Redistricting fight focuses on Hispanics

CARSON CITY — Lawyers for the Democratic Party accuse Republican legislators of “racial gerrymandering” by drawing up a redistricting plan that would deliberately pack Hispanics into a few election districts to limit the number of candidates of their ethnic background who can win legislative and congressional seats.

But Republican lawyers say the Democrats’ redistricting plan — vetoed twice by Gov. Brian Sandoval — “intentionally fractured the Latin community” by spreading Hispanics around many districts so it would be easier to elect white Democrats.

Such points were made by the two parties in legal briefs filed in Carson City District Court in advance of a 9 a.m. Wednesday hearing on redistricting before Judge James T. Russell.

Redistricting is important to both political parties because how election districts are drawn can give one party an advantage in legislative and congressional races for the next 10 years.

How Russell, the son of former Republican Gov. Charles Russell, rules on the Hispanic matter and other legal points will guide a three-member panel as it soon starts redistricting — redrawing election district boundaries to reflect population changes shown by the 2010 census.

Whatever decision the panel makes and Russell then approves probably will be appealed to the state Supreme Court. Redistricting issues must be settled by the first Monday in March when candidates can file for offices up for election in 2012.

Assembly Minority Leader Pete Goicoechea, R-Eureka, said Wednesday he hopes appeals can be avoided. Once the panel completes its work, he said the governor should call the Legislature into a special session to adopt its plan.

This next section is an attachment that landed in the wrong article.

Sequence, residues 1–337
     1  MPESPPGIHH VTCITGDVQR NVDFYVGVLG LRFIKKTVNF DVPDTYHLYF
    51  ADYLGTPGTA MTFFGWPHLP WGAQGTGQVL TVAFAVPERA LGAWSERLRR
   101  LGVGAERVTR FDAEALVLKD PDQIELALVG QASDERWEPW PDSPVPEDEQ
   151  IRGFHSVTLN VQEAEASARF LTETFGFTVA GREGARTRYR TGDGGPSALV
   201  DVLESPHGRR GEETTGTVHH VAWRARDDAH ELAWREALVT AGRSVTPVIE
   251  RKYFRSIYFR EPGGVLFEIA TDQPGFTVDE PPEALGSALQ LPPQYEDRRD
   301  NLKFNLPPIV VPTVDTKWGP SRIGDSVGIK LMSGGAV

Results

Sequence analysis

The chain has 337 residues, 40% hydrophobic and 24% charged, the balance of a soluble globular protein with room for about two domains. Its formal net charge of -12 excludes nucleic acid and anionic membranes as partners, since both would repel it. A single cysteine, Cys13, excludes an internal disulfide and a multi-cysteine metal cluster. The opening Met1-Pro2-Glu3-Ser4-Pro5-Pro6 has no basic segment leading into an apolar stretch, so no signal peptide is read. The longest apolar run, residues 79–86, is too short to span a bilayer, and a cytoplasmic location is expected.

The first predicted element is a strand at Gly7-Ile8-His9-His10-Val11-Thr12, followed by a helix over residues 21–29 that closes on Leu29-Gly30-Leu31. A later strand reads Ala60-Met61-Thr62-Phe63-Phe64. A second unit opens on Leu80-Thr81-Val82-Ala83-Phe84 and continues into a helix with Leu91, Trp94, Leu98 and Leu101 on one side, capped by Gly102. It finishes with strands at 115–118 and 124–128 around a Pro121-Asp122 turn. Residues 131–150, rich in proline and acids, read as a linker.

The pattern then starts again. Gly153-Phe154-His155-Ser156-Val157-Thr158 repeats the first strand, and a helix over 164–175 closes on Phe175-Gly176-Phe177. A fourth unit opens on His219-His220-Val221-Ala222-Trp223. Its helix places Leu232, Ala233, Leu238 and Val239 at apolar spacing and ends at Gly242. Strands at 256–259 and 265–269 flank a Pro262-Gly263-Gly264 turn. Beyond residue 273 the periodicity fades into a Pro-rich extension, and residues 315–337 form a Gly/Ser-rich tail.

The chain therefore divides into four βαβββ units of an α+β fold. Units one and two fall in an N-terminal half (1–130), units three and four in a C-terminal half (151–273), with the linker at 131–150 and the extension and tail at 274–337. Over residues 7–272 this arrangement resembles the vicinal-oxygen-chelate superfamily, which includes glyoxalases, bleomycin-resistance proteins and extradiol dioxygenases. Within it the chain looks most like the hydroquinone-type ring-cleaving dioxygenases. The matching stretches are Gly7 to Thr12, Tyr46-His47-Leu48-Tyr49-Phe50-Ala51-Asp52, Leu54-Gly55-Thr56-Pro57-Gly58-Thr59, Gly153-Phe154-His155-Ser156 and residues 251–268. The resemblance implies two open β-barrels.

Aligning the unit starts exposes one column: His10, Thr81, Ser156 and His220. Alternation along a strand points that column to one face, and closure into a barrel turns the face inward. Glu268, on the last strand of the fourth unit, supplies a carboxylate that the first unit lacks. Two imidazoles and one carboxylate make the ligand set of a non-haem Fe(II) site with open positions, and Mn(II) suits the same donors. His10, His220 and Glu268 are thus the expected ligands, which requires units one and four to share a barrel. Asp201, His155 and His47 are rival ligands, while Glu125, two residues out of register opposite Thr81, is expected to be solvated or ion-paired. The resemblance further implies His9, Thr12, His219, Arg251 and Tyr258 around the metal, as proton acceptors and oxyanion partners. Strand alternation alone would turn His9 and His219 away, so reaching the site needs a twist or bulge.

“We need to agree that their plan is as good as we can get and adopt it,” Goicoechea said. “It will be well worth the cost of a special session if we can avoid lawsuits.”


Hispanics now make up 26.5 percent of Nevada’s population, and both parties profess in the briefs a desire to help them in electing candidates of their ethnic background.

The key law on which Russell must make his ruling is section 2 of the federal Voting Rights Act of 1965. The law states policies such as redistricting plans cannot give “less opportunity” for minorities “to elect representatives of their choice.” A U.S. Supreme Court decision classified Hispanics as a racial minority.

Las Vegas lawyer Bradley Schrager, representing Democrats, contends that Republicans want to reduce the influence of Hispanic voters by packing their population into a few Hispanic majority districts.

He said there is no requirement under the Voting Rights Act to create majority Hispanic districts unless it can be shown voters are prejudiced and won’t elect Hispanics to office.

In Nevada, he argues, there is “no evidence whatsoever that white (Nevada) voters vote as a bloc to defeat candidates preferred by Hispanics.”

He noted Assemblywoman Teresa Benitez-Thompson, D-Reno, won in election last year in a 24 percent Hispanic district, while Assemblywoman Irene Bustamante Adams, D-Las Vegas, won in a 31.8 percent Hispanic district.